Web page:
• Cooperation and coordination are to be maintained among various societies, organizations, national and international with the motive to promote the mechanism of the arbitration.
  • The centre should abide by all the other functions ensured by the Central Government for the promotion of arbitration dispute resolution.

Resignation and removal of the members

Resignation of the members

A letter of resignation is to be submitted to the Central Government by the chairman or any other member of the centre who wants to resign from their offices and responsibilities at any time. Within three months of any member’s resignation, the Central Government should take the appropriate procedures to re-appoint the new member to their position.

Removal of the members 

The Central Government can remove any member from their respective positions and offices by the process of impeachment if:

  • The member has committed the offence of bankruptcy and has not been discharged.
  • The member has profited from any other kinds of employment throughout his tenure of office.
  • The member has committed any offence of criminal nature and involves moral turpitude.
  • The member has acted arbitrarily and abused his positions that would be a harm to the public domain.
  • The member has become physically and mentally unfit to perform the duties of the member.

Finance and audit

Section 24, Section 25, and Section 26 of the Act contain finance, accounting, and auditing provisions. The following are interpretations of the provisions:

  1. The Central Government has been granted the authority to pay an equivalent sum of money in every financial year that would be utilised by the centre to carry out the Act’s aims.
  2. All money supplied by the Central Government, fees collected and received during the proceedings, money received in the form of contributions, grants, and contributors and the amount obtained from investment income shall be attributed to the centre’s funding.
  3. The fund thus collected shall be deposited in any of the banks that should be used for the salaries, allowances and any other expenses of the members and other officials of the centre.
  4. The centre is responsible for keeping accurate accounting and other relevant records.
  5. These records should be audited by the comptroller and the Auditor General of India, which would subsequently be sent to the Central Government.

Establishment of the arbitration chamber and academy

Chamber of Arbitration

The centre has been given the responsibility under Section 28 of the Act for the establishment of a Chamber of Arbitration that would appoint arbitrators and also review the applications for admission to a panel of reputable arbitrators for the maintenance of the permanent panel of arbitrators. The chamber should consist of experienced arbitration practitioners at the national and international level having experience in the area of arbitration and conciliation. The registrar would be appointed as the member secretary of the chamber.

Arbitration academy

An Arbitration Academy shall be established under Section 29 of the Act by the centre to provide training to the arbitrators in the domain of international commercial arbitration and for conducting legal research in the area of arbitration dispute resolution. A permanent three-member committee shall be formed which would submit reports to the centre if any considerable amendment is to be needed in the Act.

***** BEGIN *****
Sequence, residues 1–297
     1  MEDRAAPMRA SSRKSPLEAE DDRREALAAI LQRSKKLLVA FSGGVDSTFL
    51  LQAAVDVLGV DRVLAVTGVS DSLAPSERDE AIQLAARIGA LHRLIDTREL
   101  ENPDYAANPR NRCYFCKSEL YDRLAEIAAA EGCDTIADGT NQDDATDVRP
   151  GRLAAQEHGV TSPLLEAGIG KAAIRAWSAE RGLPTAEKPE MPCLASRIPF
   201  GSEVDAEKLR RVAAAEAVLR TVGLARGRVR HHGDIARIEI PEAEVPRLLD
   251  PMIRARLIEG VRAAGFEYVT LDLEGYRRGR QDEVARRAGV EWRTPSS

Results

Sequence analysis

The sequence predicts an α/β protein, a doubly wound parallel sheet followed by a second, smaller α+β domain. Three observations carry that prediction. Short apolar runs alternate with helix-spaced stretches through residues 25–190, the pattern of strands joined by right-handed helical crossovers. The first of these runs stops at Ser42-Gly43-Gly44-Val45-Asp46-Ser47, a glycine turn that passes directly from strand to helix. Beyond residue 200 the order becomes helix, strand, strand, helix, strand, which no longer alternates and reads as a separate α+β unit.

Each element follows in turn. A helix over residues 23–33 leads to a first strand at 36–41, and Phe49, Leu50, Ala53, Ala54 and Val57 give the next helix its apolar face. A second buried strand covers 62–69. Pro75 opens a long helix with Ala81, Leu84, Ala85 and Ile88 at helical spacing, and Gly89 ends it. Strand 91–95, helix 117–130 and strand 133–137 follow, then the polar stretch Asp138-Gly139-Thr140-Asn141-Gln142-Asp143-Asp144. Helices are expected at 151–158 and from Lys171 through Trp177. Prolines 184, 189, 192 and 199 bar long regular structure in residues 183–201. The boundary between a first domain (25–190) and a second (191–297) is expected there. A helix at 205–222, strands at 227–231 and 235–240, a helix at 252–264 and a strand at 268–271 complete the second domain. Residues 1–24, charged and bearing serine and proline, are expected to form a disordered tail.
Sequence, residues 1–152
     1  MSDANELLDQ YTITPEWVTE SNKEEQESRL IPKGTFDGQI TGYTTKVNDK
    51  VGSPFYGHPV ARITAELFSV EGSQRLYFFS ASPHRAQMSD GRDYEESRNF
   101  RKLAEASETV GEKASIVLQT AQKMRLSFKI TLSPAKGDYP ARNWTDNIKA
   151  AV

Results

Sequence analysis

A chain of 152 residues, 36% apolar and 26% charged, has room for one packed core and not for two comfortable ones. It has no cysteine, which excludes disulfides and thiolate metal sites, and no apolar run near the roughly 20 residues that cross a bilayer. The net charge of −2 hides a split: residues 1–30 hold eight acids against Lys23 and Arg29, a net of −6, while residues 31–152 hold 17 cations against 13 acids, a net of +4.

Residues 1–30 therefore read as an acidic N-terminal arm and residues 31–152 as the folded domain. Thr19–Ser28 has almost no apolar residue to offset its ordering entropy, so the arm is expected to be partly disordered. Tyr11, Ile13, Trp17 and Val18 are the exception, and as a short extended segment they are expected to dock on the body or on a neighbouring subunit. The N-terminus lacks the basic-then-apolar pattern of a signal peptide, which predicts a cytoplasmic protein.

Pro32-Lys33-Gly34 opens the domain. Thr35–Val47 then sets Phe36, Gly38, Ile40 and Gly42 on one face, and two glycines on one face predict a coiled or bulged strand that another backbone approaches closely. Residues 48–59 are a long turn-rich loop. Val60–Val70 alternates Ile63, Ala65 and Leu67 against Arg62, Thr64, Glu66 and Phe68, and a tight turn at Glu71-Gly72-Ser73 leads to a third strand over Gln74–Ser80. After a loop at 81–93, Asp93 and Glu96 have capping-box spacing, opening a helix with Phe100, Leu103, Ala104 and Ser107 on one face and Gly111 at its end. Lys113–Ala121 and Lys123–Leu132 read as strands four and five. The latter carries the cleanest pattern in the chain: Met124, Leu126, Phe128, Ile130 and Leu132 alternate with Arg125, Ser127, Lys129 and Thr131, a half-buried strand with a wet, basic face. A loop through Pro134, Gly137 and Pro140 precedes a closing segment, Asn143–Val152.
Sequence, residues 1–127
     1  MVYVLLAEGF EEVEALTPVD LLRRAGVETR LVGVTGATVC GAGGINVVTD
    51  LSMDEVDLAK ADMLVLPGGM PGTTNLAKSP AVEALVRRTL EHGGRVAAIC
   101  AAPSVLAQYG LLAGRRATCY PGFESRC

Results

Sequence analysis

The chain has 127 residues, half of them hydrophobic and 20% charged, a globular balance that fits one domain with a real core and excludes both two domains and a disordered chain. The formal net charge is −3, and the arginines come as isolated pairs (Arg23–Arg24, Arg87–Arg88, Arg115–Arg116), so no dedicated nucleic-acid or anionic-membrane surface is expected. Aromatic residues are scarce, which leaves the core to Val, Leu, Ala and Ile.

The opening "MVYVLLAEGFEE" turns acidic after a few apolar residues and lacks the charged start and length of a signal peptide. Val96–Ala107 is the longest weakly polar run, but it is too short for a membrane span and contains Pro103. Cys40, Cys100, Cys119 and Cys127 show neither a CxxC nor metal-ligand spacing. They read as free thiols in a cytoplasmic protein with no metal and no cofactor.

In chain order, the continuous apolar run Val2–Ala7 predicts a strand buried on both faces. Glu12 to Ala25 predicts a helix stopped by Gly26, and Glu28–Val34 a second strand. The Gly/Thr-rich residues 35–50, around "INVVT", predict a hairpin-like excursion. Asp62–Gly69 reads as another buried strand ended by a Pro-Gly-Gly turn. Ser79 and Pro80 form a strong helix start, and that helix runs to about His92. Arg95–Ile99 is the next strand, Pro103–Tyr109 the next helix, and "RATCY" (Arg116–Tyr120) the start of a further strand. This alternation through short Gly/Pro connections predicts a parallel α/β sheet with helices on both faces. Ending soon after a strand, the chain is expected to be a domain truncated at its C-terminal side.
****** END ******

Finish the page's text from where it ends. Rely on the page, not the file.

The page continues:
Advantages of setting up of a centre

The advantages of setting up an international arbitration centre in New Delhi would be:

Flexibility in the process

The centre would set the goal of carrying out the process in a flexible manner, as it is governed by party autonomy, which means that the parties can select how their conflicts are addressed and resolved. The parameters of the case would likewise be flexible.

Decrease in the backlog of cases

The burden on the courts would be reduced since they would be able to refer matters to the official centre of arbitration if they needed to be resolved through arbitration, conciliation, or mediation. This would also provide the parties with speedy justice and prevent a backlog of cases.

Legal certainty

After enacting the Arbitration and Conciliation Act at the national level, India has made attempts to promote arbitration as a mechanism for resolving disputes between parties. The establishment of the centre would help to advance arbitration on a global scale. As a result, legal certainty will be promoted at both the domestic and international levels of arbitration.

Cooperation 

The New Delhi International Arbitration Centre Act promotes the spirit of collaboration and coordination between the arbitration centre and existing state courts, national and international organisations, and would assist them in establishing centres overseas, which would increase the growth of arbitration procedures.

Privacy of the parties

It would ensure privacy to the parties in dispute throughout the arbitration processes and the decision, as it is a non-public process.

Recommendations other than setting up of the centre 

The setting up of the centre would provide development to the process of arbitration, but other measures must be kept in mind namely:

  1. The procedural rules of the institution should be arbitration-friendly and free of all obsolete procedures.
  2. The chamber of arbitration must also be nationally diversified, that is, it must include reputable arbitrators across jurisdictions and industries to assist international disputants to avail of dispute resolution services.
  3. The rules must provide a clear-cut cost calculation mechanism, which would entail a perception of the autonomy of arbitrators.
  4. The arbitration institution’s reputation is clearly at par with the reputation of the country in which the institution is incorporated. So, the Indian government must take steps to improve the judicially and constantly amend and upgrade the laws with relation to arbitration.
  5. The rules that are given precedence to the parties must include flexibility and efficiency, but the parties must also follow the laws that are explicitly established by the law.

Conclusion

The passage of the Act for the Establishment of an International Arbitration Centre by the parliament is a welcome development that will encourage both local and international arbitration at the same time. As per the regime of arbitration, conciliation, and mediation processes, the establishment of the centre would also broaden the ambit and scope of the legislation. Simultaneously, efforts should be made to build supportive internal structures for the institution to ensure its success. The establishment of a centre, together with other necessary changes and amendments to the Act, will assist India in becoming a hub for arbitration.

References